A New Approach to Addressing Nigeria’s Malnutrition Challenge
INSIGHTS & OPINIONS
INSIGHTS & OPINIONS
For decades, the Nigerian government has undertaken several agricultural reforms and nutrition strategies aimed at boosting food production and decreasing malnutrition. This work has been fruitful, with Nigeria’s food production index increasing over the last forty years.
Despite this, Nigeria still struggles with high rates of malnutrition throughout many regions of the country, posing a public health and development challenge for many of the nation’s most vulnerable citizens. The enormity of the challenge is reflected in the country’s childhood nutrition statistics–37 percent of Nigerian children under age 5 are stunted, 23 percent are underweight, and seven percent are wasted (Nigeria Demographic and Health Survey 2018). This prevalence of malnutrition among children is higher in rural areas than the urban areas, causing further societal inequalities along geographic lines. Further, malnutrition has significant adverse effects on childhood development, while exposing pregnant women to disease susceptibility, poor fetal growth, and a higher risk of pregnancy complications.
Due to the multidisciplinary nature of nutrition, combating malnutrition in all its forms at both national and subnational levels requires a holistic approach that is multisectoral. Multisectoral collaboration for food and nutrition can pull together all stakeholders in relevant issue areas to ensure a better understanding of the situation, come up with solutions, and take broader actions against malnutrition in the country. That is the rationale behind the adoption of the National Multisectoral Plan of Action for Food and Nutrition (NMPFAN), which aims to guide intervention efforts targeting malnutrition for the period 2021 to 2025. The five-year plan is designed to eliminate all forms of malnutrition as a public health problem in Nigeria, as well as contribute to the achievement of the Sustainable Development Goals target by 2030. To achieve optimal results, the plan aims to scale up priority high-impact-nutrition-sensitive interventions and programmes across all sectors with a special focus on the most vulnerable Nigerians especially women and children. The plan proposes prioritized interventions mainly in states where the incidence of stunting and severe stunting exceeds 40 percent and 20 percent respectively.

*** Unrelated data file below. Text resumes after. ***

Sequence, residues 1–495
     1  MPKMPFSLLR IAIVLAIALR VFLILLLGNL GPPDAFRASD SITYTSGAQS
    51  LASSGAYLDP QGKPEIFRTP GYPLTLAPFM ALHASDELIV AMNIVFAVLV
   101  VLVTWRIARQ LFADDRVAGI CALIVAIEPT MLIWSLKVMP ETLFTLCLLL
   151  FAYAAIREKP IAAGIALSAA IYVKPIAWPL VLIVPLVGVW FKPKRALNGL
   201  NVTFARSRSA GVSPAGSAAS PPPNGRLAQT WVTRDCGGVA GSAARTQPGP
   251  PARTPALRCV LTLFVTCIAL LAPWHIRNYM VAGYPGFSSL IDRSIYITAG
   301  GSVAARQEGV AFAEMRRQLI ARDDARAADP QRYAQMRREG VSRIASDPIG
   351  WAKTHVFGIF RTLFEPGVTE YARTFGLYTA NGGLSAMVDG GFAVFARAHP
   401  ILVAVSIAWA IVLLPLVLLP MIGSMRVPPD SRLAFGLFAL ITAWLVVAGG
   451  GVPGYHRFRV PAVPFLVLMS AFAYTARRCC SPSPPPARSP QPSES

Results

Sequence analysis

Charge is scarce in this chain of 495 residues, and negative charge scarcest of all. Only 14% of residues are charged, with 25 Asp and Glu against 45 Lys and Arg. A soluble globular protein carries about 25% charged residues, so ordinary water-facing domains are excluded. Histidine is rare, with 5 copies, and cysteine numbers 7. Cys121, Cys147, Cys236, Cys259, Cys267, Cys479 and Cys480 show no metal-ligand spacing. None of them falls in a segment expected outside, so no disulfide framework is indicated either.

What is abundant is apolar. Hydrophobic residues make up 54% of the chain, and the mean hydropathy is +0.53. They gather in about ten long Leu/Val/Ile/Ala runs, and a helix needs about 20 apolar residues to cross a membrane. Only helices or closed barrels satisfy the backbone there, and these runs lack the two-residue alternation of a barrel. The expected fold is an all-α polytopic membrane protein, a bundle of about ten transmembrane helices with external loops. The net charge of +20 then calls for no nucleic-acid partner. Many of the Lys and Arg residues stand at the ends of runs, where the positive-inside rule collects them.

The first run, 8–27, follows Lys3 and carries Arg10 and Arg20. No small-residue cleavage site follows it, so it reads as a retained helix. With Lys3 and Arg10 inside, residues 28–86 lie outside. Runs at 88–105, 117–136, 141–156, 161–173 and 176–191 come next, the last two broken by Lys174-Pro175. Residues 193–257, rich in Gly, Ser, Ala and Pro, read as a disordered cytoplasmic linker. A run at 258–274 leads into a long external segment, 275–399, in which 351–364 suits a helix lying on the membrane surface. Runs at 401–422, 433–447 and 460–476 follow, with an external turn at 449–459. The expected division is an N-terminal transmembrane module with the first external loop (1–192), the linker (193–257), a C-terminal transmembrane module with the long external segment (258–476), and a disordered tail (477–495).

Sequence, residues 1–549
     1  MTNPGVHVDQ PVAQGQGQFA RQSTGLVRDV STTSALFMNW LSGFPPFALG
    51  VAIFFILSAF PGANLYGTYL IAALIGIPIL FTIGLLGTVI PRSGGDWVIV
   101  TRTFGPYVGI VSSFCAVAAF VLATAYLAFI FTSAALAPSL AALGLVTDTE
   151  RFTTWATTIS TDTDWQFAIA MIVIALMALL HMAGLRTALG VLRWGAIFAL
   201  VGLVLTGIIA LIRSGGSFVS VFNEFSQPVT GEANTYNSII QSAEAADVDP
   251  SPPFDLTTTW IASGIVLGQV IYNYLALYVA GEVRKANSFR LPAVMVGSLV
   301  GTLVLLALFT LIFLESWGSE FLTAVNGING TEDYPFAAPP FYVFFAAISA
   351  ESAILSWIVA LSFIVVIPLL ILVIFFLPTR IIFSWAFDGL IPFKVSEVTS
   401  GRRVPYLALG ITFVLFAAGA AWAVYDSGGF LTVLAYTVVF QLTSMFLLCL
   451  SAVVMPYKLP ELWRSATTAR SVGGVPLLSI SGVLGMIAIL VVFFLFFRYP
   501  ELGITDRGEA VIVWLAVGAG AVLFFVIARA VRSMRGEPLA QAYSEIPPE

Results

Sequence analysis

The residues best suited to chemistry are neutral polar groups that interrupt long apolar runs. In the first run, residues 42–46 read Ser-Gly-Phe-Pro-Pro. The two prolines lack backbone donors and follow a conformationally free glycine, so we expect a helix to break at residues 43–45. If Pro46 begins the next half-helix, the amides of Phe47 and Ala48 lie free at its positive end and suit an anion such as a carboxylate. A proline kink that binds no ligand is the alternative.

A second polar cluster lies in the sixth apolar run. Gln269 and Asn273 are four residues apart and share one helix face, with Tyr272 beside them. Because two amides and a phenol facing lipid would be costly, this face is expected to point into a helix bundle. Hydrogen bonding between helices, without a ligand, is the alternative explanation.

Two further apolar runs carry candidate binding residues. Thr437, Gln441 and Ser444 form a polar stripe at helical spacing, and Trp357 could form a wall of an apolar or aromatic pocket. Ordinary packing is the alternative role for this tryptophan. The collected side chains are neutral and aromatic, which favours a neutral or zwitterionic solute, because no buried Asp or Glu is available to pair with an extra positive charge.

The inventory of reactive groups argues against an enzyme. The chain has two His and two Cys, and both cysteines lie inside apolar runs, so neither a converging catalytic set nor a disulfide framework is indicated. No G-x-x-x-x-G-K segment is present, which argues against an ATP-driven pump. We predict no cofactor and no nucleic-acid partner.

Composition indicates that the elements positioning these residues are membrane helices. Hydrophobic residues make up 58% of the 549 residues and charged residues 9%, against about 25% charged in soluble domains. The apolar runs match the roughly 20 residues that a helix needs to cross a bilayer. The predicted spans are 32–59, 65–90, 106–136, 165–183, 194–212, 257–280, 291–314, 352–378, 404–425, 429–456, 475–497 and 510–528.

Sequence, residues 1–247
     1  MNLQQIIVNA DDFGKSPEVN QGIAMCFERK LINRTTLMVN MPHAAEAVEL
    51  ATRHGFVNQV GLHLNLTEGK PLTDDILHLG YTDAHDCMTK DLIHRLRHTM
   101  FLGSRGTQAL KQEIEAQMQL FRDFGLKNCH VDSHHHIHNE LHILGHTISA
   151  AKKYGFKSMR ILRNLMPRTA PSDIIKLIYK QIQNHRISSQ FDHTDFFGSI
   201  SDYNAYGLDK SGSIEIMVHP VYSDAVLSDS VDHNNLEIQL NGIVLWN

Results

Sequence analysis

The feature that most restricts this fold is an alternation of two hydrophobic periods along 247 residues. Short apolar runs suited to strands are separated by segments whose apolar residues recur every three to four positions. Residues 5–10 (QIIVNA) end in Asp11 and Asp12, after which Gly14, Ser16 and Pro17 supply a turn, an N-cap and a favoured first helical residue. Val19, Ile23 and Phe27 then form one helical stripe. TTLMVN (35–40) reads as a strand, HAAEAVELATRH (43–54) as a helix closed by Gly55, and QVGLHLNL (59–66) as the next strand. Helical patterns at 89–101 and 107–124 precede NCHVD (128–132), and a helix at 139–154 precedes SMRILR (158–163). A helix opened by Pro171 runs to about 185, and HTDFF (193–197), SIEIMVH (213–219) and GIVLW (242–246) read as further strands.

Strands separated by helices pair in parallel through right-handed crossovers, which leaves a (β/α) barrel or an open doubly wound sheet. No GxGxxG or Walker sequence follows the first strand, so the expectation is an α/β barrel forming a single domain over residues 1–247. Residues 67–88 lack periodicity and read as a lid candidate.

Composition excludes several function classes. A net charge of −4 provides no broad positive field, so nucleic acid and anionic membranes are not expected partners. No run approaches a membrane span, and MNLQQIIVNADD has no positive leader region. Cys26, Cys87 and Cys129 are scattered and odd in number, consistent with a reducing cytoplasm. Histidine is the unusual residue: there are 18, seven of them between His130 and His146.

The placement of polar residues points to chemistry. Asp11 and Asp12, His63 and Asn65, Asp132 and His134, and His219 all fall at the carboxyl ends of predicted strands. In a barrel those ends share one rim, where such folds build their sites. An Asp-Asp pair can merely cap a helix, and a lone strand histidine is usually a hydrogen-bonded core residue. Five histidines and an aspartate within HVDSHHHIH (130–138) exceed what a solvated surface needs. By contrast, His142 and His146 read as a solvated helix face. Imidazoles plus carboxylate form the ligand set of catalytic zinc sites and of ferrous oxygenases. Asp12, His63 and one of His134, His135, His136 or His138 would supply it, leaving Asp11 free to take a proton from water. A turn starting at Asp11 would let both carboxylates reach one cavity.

NMPFAN Objectives and Priority Areas
The broad objectives of the multisectoral plan of action are to improve food security at the national, community, and household levels and to reduce the proportion of people who suffer hunger and malnutrition by 50 percent by 2025. To achieve these objectives the plan identified six priority areas which include food and nutrition security; enhancing caregiving capacity; enhancing provision of quality health services; improving capacity to address food and nutrition insecurity problems; raising awareness and understanding of the problem of malnutrition and resource allocation for food and nutrition security at all levels.
In addition, the plan provides an implementation coordination structure from national to local government. The Federal Ministry of Finance, Budget, and National Planning is responsible for the coordination and implementation of the policy and to provide the national focal point for food and nutrition policy programme planning. On the other hand, State committees on food and nutrition and Local government committee on food and nutrition will coordinate all food and nutrition programmes at State and Local government levels respectively. The plan also proposes the creation of a ward committee on food and nutrition for extensive impact at the ward level.